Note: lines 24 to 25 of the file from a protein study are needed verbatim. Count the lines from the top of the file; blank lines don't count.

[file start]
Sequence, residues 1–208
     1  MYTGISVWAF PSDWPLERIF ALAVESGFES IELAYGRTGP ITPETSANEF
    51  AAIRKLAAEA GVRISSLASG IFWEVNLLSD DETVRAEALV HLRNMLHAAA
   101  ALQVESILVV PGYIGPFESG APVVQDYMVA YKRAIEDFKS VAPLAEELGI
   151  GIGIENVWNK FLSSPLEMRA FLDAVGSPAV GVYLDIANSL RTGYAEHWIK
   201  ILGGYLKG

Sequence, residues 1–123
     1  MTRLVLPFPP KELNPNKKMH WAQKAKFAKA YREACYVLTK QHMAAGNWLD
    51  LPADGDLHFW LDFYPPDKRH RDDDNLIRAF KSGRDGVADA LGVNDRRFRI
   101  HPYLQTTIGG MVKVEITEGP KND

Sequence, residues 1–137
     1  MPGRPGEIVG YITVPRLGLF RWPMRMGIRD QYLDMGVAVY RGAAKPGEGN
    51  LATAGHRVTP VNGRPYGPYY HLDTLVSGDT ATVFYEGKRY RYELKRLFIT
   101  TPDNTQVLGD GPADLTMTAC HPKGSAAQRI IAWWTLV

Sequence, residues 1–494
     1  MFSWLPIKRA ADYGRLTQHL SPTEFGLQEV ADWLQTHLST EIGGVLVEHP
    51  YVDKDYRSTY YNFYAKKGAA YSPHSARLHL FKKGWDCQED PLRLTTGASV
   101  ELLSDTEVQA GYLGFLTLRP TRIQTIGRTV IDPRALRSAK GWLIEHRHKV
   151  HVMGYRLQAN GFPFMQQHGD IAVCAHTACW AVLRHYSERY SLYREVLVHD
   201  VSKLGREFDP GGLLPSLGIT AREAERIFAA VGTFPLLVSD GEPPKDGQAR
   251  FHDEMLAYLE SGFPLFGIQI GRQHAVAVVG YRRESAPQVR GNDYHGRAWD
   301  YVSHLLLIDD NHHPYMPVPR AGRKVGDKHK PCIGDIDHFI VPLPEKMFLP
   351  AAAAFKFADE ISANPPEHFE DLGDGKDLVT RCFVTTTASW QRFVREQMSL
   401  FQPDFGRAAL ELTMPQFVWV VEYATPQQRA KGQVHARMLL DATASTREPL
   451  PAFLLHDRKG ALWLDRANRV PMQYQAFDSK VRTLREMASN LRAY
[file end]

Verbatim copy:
   401  FQPDFGRAAL ELTMPQFVWV VEYATPQQRA KGQVHARMLL DATASTREPL
   451  PAFLLHDRKG ALWLDRANRV PMQYQAFDSK VRTLREMASN LRAY